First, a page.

>printf("size_spc*: %d\n", sizeof *spc);
> qsort(spc, n, sizeof *spc, (int (*)(const void *, const void
>*))compare);
> prn_distance(spc, n);
>}
>
>int main()
>{
> double spb[5][4] = {
> {1.0, 2.0, 1.0, 3.0},
> {8.0, 3.0, 12.0, 8.0},
> {4.0, 7.0, 2.0, 5.0},
> {8.0, 1.0, 2.0, 1.0},
> {9.0, 92.0, 81.0, 93.0}
> };
>
> int size_elem = sizeof spb / sizeof spb[0];
> prn_distance(spb, size_elem);
> printf("--------------------------\n");
>printf("size_spc: %d\n", sizeof spb/sizeof *spb);
>printf("size_spc*: %d\n", sizeof *spb);
> prn_sorted_distance(spb, size_elem);
>
> return 1;
>}
>
>D

<<Remove the del for email>>

Barry Schwarz, Jul 15, 2005
17. ### Artie GoldGuest

Barry Schwarz wrote:
> On Thu, 14 Jul 2005 15:08:51 GMT, bsder <> wrote:
>
>> Hi,
>>
>> After made an attempt to change the function "compare", I still can't
>> get the sorting workout correctly.
>> Here is the code:
>>
>> #include <stdio.h>
>> #include <stdlib.h>
>> #include <math.h>
>>
>> int compare(const double *rowA, const double *rowB)

This function should take `const void *'s; use them as initializers for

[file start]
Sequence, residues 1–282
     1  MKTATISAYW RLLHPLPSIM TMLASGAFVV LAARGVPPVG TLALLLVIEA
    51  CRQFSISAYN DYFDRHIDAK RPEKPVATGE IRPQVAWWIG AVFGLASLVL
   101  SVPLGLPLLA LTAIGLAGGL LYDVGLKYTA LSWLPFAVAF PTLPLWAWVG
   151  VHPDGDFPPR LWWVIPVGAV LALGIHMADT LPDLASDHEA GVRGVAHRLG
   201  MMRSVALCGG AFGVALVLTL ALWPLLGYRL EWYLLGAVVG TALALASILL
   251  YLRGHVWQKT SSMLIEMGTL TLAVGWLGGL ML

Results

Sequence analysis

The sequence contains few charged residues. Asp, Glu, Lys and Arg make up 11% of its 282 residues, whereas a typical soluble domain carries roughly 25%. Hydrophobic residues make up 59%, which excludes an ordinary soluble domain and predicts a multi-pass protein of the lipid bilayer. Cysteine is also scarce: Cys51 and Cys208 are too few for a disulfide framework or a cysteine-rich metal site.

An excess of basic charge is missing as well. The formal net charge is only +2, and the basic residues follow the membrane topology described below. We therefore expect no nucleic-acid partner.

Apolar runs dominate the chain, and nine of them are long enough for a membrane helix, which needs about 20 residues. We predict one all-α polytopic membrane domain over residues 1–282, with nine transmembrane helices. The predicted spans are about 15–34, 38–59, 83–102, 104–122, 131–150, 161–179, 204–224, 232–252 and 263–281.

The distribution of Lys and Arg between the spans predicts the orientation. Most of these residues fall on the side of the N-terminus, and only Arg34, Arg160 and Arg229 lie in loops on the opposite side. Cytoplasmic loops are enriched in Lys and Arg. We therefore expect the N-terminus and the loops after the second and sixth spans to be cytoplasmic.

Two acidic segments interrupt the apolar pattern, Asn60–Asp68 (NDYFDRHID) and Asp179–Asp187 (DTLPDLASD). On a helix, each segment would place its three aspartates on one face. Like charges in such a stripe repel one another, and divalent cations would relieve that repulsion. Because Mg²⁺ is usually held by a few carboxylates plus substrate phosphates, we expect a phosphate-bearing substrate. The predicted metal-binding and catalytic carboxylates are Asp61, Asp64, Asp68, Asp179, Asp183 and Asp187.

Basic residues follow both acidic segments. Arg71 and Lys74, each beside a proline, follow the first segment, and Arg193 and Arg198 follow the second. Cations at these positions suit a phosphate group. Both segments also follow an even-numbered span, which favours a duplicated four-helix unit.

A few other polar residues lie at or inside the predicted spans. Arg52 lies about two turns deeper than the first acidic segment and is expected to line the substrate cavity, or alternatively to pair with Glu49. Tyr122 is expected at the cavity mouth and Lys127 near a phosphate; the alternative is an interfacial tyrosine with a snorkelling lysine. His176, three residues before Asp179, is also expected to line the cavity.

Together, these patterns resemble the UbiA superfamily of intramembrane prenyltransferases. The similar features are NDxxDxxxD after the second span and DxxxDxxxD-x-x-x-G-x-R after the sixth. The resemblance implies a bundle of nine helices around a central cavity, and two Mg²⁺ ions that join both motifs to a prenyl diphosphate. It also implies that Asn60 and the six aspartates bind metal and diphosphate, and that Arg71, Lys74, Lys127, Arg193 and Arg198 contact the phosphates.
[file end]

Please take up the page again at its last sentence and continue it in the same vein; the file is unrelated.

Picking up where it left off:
variables of the appropriate type.
>> {
>> double diffA[3], diffB[3], distance[2];
>> printf("DA1_row: %6.1lf\n", rowA[1]);
>> printf("DA2_row: %6.1lf\n", rowA[2]);
>> printf("DA3_row: %6.1lf\n\n", rowA[3]);

>
>
>> printf("DB1_row: %6.1lf\n", rowB[1]);
>> printf("DB2_row: %6.1lf\n", rowB[2]);
>> printf("DB3_row: %6.1lf\n\n", rowB[3]);
>>
>> diffA[0] = 100.0 - rowA[1];
>> diffA[1] = 100.0 - rowA[2];
>> diffA[2] = 100.0 - rowA[3];
>>
>> diffB[0] = 100.0 - rowB[1];
>> diffB[1] = 100.0 - rowB[2];
>> diffB[2] = 100.0 - rowB[3];
>>
>> distance[0] =
>> sqrt(diffA[0]*diffA[0]+diffA[1]*diffA[1]+diffA[2]*diffA[2]);
>> distance[1] =
>> sqrt(diffB[0]*diffB[0]+diffB[1]*diffB[1]+diffB[2]*diffB[2]);
>>
>> printf("Comp_p1: %6.1lf; ", distance[0]);
>> printf("Comp_p2: %6.1lf\n", distance[1]);
>>
>> return 1 ? distance[0] > distance[1] : 0;

You realize, of course, that the above line is equivalent to

return distance[0] > distance[1];